« Reply #37 on: 04/25/2007 07:33 PM »
Anyone have tail numbers?

Offline ShuttleDiscovery

  • NASA's first teenage astronaut
  • Senior Member
  • *****
  • Posts: 2141
  • UK
    • Shuttle Discovery's Space Page
  • Liked: 0
  • Likes Given: 0
Re: LIVE: Pegasus XL launch - AIM mission - April 25, 2007
« Reply #38 on: 04/25/2007 07:35 PM »
Pegasus looking good as it is climbing. It's way too cloudy too see anything unfortunately :(

Online Chris Bergin

AIM Spacecraft:

Offline ShuttleDiscovery

  • NASA's first teenage astronaut
  • Senior Member
  • *****
  • Posts: 2141
  • UK
    • Shuttle Discovery's Space Page
  • Liked: 0
  • Likes Given: 0
RE: LIVE: Pegasus XL launch - AIM mission - April 25, 2007
« Reply #40 on: 04/25/2007 07:39 PM »

How long until Pegasus seperation? :)

Online Chris Bergin

Quote
ShuttleDiscovery - 25/4/2007  8:39 PM


How long until Pegasus seperation? :)

26 minutes past the hour, so about 45 mins or so.

Offline Nick L.

  • Elite Veteran
  • Senior Member
  • *****
  • Posts: 3860
  • A unique little aerospace company
  • Liked: 4
  • Likes Given: 4
RE: LIVE: Pegasus XL launch - AIM mission - April 25, 2007
« Reply #42 on: 04/25/2007 07:40 PM »
Quote
ShuttleDiscovery - 25/4/2007  3:39 PM


How long until Pegasus seperation? :)

About 40 minutes.
Go Pegasus!
"Now you may leave here for four days in space, but when you return it's the same old place..."

Offline ShuttleDiscovery

  • NASA's first teenage astronaut
  • Senior Member
  • *****
  • Posts: 2141
  • UK
    • Shuttle Discovery's Space Page
  • Liked: 0
  • Likes Given: 0
RE: LIVE: Pegasus XL launch - AIM mission - April 25, 2007
« Reply #43 on: 04/25/2007 07:43 PM »
Quote
Nick L. - 25/4/2007  8:40 PM

Quote
ShuttleDiscovery - 25/4/2007  3:39 PM


How long until Pegasus seperation? :)

About 40 minutes.
Go Pegasus!


Thank you. Looking forward to seeing it in space very soon... :)

Offline Nick L.

  • Elite Veteran
  • Senior Member
  • *****
  • Posts: 3860
  • A unique little aerospace company
  • Liked: 4
  • Likes Given: 4
RE: LIVE: Pegasus XL launch - AIM mission - April 25, 2007
« Reply #44 on: 04/25/2007 07:43 PM »
Shot of the L-1011 with the Pegasus.
"Now you may leave here for four days in space, but when you return it's the same old place..."

Offline ShuttleDiscovery

  • NASA's first teenage astronaut
  • Senior Member
  • *****
  • Posts: 2141
  • UK
    • Shuttle Discovery's Space Page
  • Liked: 0
  • Likes Given: 0
RE: LIVE: Pegasus XL launch - AIM mission - April 25, 2007
« Reply #45 on: 04/25/2007 07:45 PM »
Quote
Nick L. - 25/4/2007  8:43 PM

Shot of the L-1011 with the Pegasus.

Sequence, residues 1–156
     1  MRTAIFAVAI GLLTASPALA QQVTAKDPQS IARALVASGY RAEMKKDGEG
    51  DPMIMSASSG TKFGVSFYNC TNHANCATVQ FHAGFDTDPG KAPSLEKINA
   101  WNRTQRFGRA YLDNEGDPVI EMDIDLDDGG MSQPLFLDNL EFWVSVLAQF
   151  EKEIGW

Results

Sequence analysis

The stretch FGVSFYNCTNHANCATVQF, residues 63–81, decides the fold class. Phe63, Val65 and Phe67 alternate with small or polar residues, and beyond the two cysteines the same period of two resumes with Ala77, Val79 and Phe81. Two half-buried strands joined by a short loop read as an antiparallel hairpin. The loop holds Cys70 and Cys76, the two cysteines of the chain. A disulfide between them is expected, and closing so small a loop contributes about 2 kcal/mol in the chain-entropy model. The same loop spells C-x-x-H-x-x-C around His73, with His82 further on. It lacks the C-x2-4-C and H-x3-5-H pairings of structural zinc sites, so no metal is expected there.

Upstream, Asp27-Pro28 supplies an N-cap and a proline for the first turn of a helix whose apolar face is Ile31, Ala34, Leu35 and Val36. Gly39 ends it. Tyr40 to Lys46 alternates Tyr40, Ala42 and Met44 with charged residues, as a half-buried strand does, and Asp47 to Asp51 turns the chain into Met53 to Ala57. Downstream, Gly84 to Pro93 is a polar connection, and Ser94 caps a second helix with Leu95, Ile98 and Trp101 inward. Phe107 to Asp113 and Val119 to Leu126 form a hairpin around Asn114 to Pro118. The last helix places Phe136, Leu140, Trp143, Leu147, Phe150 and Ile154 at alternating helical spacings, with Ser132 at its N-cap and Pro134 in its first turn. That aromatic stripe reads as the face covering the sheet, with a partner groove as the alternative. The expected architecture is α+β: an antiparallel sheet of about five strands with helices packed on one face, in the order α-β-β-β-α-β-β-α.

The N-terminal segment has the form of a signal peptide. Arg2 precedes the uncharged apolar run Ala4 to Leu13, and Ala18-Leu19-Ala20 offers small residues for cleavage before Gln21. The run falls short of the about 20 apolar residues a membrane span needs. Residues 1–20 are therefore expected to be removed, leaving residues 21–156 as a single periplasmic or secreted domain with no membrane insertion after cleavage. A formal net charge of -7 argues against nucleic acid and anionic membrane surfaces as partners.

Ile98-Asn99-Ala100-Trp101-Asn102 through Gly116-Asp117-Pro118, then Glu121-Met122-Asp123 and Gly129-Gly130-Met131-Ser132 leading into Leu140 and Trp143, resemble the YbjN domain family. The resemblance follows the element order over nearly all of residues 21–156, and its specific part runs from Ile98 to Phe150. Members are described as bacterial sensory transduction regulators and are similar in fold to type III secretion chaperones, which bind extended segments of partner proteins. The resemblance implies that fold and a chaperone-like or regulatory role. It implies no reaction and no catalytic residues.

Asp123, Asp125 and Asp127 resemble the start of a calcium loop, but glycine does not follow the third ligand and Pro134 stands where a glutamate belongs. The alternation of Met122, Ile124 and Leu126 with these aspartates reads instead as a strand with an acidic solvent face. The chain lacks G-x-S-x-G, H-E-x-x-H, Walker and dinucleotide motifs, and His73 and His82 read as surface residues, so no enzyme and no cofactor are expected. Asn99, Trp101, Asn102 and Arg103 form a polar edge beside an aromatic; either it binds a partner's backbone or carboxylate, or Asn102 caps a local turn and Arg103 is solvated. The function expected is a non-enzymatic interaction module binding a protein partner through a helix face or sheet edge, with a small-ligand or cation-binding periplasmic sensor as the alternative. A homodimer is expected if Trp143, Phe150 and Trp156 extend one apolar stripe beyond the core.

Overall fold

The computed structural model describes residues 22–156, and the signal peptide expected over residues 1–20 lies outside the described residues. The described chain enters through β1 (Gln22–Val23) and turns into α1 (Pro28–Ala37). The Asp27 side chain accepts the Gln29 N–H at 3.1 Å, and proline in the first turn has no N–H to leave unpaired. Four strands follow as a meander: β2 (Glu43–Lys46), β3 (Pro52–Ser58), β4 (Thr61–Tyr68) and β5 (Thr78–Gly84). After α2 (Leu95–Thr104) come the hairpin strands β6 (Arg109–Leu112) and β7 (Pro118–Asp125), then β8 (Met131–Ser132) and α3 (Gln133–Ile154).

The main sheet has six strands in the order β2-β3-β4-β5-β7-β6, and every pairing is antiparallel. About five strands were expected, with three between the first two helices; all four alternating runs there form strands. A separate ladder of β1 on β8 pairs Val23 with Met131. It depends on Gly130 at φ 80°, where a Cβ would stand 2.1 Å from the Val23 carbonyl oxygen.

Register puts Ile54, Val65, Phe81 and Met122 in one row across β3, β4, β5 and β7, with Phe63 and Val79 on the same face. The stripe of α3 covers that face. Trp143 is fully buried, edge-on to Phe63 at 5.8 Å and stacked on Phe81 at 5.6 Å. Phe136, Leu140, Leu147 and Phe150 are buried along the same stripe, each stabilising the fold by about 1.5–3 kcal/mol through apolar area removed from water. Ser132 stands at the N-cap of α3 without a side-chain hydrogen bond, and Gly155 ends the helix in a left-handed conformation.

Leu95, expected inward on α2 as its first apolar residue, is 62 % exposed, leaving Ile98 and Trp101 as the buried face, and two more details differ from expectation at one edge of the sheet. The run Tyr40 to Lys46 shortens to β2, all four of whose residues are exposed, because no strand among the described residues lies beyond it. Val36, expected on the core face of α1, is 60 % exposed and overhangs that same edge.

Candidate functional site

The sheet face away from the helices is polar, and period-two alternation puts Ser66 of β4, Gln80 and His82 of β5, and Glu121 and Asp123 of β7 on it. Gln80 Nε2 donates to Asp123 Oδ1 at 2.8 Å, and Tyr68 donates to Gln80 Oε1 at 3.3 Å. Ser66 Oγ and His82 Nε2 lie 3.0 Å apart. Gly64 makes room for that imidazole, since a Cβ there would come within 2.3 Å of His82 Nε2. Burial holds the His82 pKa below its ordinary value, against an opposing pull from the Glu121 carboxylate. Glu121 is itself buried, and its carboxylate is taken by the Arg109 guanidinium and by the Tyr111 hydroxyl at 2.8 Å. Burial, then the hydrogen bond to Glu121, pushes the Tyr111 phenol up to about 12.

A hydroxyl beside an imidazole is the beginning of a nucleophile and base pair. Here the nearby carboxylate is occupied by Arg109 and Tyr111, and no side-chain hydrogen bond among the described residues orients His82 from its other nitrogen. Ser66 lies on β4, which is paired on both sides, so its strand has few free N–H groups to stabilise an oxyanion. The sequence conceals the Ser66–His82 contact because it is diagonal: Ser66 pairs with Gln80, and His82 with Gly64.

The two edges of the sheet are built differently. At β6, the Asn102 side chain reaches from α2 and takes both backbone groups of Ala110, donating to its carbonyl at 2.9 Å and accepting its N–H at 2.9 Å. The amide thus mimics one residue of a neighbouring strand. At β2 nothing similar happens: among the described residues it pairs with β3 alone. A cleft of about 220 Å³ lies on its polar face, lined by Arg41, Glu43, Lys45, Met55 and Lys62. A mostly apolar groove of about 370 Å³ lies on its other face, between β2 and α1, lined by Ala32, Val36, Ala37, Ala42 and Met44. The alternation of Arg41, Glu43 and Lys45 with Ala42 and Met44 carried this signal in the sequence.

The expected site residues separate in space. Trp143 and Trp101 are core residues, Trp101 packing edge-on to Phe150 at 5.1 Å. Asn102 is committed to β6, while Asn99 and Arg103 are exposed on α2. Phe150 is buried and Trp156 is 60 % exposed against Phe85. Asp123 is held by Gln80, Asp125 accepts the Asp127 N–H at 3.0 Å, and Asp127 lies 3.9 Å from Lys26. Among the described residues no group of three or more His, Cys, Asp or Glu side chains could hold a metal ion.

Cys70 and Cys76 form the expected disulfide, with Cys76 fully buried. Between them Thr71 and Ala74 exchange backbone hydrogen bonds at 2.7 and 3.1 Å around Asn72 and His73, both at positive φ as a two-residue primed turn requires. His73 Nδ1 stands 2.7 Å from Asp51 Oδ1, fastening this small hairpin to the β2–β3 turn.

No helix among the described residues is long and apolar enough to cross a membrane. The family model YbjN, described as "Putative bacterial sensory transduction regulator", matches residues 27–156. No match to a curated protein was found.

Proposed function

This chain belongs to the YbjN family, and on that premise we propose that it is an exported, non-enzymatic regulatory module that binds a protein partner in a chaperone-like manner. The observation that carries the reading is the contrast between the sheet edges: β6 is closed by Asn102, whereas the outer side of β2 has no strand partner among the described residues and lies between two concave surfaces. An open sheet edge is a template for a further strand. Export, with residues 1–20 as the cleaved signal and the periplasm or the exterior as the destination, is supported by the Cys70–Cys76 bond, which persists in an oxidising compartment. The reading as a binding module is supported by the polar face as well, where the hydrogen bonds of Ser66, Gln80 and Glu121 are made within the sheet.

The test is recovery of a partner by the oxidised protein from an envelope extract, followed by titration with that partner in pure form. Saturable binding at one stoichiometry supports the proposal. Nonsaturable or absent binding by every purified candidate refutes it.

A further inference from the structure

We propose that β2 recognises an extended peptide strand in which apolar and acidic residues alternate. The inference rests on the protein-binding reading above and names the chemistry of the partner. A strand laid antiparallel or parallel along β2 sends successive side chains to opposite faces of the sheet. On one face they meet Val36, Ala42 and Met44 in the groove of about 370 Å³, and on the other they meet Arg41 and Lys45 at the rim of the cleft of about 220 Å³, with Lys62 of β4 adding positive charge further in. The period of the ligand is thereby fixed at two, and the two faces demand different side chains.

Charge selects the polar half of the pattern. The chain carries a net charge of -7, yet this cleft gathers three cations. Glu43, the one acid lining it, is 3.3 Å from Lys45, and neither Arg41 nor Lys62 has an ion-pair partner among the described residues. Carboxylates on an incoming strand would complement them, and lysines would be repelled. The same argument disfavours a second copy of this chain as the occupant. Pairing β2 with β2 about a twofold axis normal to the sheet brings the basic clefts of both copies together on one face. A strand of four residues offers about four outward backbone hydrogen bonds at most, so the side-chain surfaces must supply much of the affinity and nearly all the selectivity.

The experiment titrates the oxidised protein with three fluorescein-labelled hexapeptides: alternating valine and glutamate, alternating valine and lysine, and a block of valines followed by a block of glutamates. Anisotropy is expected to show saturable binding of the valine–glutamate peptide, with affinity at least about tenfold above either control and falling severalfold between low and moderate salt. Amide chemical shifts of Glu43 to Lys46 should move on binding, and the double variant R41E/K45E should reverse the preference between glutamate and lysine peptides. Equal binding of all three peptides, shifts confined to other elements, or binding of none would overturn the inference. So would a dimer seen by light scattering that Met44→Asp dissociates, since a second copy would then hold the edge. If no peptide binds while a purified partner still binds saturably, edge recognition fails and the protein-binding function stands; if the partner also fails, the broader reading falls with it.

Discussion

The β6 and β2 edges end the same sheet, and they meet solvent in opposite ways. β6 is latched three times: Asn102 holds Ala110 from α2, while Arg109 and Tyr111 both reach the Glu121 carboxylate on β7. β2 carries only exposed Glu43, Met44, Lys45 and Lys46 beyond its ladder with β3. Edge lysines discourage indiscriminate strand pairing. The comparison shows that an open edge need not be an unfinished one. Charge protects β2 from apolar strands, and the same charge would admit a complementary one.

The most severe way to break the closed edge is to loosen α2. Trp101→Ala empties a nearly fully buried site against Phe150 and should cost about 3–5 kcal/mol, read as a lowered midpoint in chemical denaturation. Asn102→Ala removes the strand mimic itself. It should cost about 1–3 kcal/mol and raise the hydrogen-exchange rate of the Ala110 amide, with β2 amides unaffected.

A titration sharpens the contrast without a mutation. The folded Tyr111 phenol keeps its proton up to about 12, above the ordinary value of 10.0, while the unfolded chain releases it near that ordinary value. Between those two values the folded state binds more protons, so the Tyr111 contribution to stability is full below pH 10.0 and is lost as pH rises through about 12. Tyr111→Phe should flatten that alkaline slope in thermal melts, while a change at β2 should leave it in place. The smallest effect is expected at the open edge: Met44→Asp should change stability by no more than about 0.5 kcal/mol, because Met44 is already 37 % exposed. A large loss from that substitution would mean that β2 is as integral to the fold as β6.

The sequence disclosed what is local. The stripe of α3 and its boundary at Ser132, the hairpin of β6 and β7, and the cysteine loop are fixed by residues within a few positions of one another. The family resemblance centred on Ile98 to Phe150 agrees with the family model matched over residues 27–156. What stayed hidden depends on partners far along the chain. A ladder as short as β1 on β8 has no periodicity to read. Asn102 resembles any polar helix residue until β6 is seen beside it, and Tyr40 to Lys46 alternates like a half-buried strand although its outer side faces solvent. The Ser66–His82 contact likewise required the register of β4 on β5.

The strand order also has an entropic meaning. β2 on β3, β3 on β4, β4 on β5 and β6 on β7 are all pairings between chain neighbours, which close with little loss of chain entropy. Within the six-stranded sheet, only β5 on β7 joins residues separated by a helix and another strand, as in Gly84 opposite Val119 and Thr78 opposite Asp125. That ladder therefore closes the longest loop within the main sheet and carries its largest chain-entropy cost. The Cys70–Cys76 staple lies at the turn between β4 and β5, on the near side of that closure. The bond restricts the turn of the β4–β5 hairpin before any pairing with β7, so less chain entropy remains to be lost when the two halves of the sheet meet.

You beat me to it! I take it this is from that chase plane? :)

Offline ShuttleDiscovery

  • NASA's first teenage astronaut
  • Senior Member
  • *****
  • Posts: 2141
  • UK
    • Shuttle Discovery's Space Page
  • Liked: 0
  • Likes Given: 0
RE: LIVE: Pegasus XL launch - AIM mission - April 25, 2007
« Reply #46 on: 04/25/2007 07:46 PM »
Close up of the Pegasus

Online Chris Bergin

T-40 mins.

Offline EirikV

  • Member
  • Full Member
  • **
  • Posts: 261
  • Proud L2 member
  • Houston, TX (Rice '13)
  • Liked: 0
  • Likes Given: 7
Re: LIVE: Pegasus XL launch - AIM mission - April 25, 2007
« Reply #48 on: 04/25/2007 07:54 PM »
CNN Pipeline is broadcasting the live coverage in Pipe 2.

Offline ShuttleDiscovery

  • NASA's first teenage astronaut
  • Senior Member
  • *****
  • Posts: 2141
  • UK
    • Shuttle Discovery's Space Page
  • Liked: 0
  • Likes Given: 0
RE: LIVE: Pegasus XL launch - AIM mission - April 25, 2007
« Reply #49 on: 04/25/2007 07:55 PM »
The very delicate procedure of the Pegasus being attached to the Stargazer...

Offline Nick L.

  • Elite Veteran
  • Senior Member
  • *****
  • Posts: 3860
  • A unique little aerospace company
  • Liked: 4
  • Likes Given: 4
RE: LIVE: Pegasus XL launch - AIM mission - April 25, 2007
« Reply #50 on: 04/25/2007 07:58 PM »
"Now you may leave here for four days in space, but when you return it's the same old place..."

Offline EirikV

  • Member
  • Full Member
  • **
  • Posts: 261
  • Proud L2 member
  • Houston, TX (Rice '13)
  • Liked: 0
  • Likes Given: 7
RE: LIVE: Pegasus XL launch - AIM mission - April 25, 2007
« Reply #51 on: 04/25/2007 08:05 PM »
Some pictures..


Online Chris Bergin

Lovely images guys. Keep them coming.

T-20 minutes.

Offline Avron

  • Canadian Member
  • Senior Member
  • *****
  • Posts: 4925
  • Liked: 150
  • Likes Given: 153
Re: LIVE: Pegasus XL launch - AIM mission - April 25, 2007
« Reply #53 on: 04/25/2007 08:13 PM »
Do we have the steps.. seq numbers.. etc  13 mins... polling for internal power transfer

Offline Avron

  • Canadian Member
  • Senior Member
  • *****
  • Posts: 4925
  • Liked: 150
  • Likes Given: 153
Re: LIVE: Pegasus XL launch - AIM mission - April 25, 2007
« Reply #54 on: 04/25/2007 08:14 PM »
On internal power

Offline William Graham

  • Senior Member
  • *****
  • Posts: 4203
  • Liked: 207
  • Likes Given: 87
Re: LIVE: Pegasus XL launch - AIM mission - April 25, 2007
« Reply #55 on: 04/25/2007 08:14 PM »

Quote